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“Disruption” is one of those buzzwords that has infected the television industry. Digital technology, as everyone knows, is “disrupting” the TV business, as it did the print and music industries before it. The future belongs to the “disrupters”: Netflix, Amazon and their online-first ilk, who are destined to overthrow “legacy media” — or, as we used to call them, television channels — leaving the networks fighting over an ever-shrinking, ever-fragmenting audience.
The only problem — by pretty much most measures — is the networks, from the U.S. and around the world, are doing just fine. As the global television industry gathers this week for TV market MIPCOM, which runs Monday through Thursday in Cannes, old-school broadcasters will arrive as hungry for programming as they have ever been, and with fat acquisition budgets to match.
“I’m not entirely sure I’d call what is happening with Netflix and Amazon ‘disruption,’” says Stuart Baxter, president of eOne Television International, a leading independent production and sales group. “You have a slew of new outlets, but what it’s doing is growing the TV pie, it’s feeding the growth for more shows. Because the networks are still growing, too.”
Instead of online platforms cannibalizing the audiences on traditional networks, Baxter points to the huge increase in production — more than 400 fiction TV series will be produced in the U.S. market this year alone — as evidence that increased demand is a rising tide for all boats.
Ahead of MIPCOM, eOne signed a global deal, outside of North America, with Netflix for Designated Survivor, a drama series starring Kiefer Sutherland as a low-level U.S. cabinet minister who suddenly becomes president of the U.S. following a terrorist attack. But the company also forged a number of big territory deals with traditional TV networks — including TF1 in France and Sky Living in the U.K. — for Conviction, a crime procedural starring Hayley Atwell.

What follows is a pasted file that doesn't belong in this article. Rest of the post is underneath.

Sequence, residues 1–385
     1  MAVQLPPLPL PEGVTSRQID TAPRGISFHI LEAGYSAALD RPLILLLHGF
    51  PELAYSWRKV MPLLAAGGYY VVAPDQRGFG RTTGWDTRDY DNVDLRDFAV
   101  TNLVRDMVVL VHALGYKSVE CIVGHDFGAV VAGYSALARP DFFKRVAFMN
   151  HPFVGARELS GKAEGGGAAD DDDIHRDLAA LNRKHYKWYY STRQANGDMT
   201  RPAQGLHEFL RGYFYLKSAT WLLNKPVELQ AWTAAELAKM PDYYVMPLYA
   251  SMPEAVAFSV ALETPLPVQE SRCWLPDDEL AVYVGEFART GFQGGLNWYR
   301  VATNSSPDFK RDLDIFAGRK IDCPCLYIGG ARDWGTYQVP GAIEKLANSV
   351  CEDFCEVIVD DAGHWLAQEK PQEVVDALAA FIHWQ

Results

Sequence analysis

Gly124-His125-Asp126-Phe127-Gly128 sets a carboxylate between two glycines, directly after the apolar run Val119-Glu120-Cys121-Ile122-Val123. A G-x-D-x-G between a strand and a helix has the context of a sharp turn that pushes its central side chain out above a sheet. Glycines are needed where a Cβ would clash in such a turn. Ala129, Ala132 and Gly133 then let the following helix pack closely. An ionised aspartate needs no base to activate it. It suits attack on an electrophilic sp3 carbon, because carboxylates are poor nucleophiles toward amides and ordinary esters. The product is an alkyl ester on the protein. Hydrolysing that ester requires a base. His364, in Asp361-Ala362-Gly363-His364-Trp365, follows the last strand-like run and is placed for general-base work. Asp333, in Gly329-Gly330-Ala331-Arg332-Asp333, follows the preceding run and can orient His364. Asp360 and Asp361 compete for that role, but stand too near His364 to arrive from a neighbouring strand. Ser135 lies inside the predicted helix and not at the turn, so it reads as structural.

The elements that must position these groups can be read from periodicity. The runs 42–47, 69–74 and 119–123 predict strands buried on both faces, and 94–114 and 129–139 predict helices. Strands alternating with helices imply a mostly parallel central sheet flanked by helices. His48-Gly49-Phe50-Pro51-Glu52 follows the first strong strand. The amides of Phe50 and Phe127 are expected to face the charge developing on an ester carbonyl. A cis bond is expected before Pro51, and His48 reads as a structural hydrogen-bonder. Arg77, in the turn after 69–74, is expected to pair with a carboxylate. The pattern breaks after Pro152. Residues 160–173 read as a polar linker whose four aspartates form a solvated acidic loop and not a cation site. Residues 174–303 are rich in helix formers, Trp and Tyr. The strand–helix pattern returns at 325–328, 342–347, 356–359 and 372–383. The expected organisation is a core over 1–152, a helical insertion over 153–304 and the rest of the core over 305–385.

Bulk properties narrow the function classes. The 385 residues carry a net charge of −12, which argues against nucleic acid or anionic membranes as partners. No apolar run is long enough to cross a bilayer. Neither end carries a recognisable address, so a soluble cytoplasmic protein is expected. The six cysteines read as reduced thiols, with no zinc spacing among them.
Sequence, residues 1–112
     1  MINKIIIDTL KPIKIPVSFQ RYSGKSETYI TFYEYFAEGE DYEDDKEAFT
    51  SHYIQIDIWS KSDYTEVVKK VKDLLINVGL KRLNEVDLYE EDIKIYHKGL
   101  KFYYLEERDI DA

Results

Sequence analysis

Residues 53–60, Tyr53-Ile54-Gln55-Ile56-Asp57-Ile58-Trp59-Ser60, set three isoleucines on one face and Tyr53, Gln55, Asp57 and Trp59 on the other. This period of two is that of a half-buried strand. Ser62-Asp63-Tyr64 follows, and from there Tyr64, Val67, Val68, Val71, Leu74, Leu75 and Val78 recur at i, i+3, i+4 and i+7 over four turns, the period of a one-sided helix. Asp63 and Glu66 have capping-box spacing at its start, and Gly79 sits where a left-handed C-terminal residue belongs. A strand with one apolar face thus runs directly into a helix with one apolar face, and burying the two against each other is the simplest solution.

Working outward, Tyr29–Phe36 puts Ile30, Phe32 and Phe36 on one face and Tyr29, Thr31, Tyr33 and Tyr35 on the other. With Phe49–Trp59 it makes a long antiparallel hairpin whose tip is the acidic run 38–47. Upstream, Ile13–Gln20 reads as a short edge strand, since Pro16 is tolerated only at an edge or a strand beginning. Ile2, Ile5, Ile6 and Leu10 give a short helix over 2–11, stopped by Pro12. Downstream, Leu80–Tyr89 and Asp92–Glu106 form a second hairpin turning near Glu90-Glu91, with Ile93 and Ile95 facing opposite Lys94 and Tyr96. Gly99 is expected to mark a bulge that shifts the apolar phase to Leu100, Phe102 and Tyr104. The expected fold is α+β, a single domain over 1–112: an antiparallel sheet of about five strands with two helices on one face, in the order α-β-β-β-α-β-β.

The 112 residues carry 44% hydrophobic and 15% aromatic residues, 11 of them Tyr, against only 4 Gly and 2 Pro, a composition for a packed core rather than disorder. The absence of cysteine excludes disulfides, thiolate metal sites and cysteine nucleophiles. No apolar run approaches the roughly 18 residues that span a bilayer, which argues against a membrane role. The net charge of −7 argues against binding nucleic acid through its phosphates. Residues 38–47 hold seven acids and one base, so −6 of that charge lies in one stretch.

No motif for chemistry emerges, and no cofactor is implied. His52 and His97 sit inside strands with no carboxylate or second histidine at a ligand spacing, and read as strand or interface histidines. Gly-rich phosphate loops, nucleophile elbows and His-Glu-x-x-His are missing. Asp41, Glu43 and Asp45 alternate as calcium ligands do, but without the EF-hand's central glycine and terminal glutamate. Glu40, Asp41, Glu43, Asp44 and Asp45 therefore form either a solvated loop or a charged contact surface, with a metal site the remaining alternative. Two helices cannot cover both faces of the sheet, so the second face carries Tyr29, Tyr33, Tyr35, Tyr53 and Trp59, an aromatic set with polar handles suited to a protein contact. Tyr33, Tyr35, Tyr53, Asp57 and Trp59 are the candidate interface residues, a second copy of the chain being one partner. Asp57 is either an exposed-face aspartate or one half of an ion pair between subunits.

“There’s no doubt the free-TV world, the traditional networks worldwide, still have a bias towards procedurals, with the edgier serial fare being more popular on the pay-TV and online platforms,” says Baxter. “The international networks would like more of that high-end, talent-driven procedural product, and they aren’t getting enough of it from the U.S. networks, which are moving towards more edgy fare with relatively few new procedurals.”
That gap in the market has been quickly filled by independent production companies on both sides of the Atlantic. In addition to Conviction, which is produced by eOne’s new subsidiary, the Mark Gordon Company, also on eOne’s MIPCOM slate is Ransom, a crime procedural about a hostage negotiation team, which German network RTL, Canada’s Corus and France’s TF1 are financing in collaboration with CBS.
Amazon provided a different model, coming on board to greenlight a second season of critically acclaimed German series Deutschland 83, together with German anchor network RTL and an array of international broadcasters, including SundanceTV in the U.S. and Canal Plus in France. Amazon’s Prime Service will premiere the series in Germany and Austria, with RTL taking the first-look option for free-TV rights afterwards.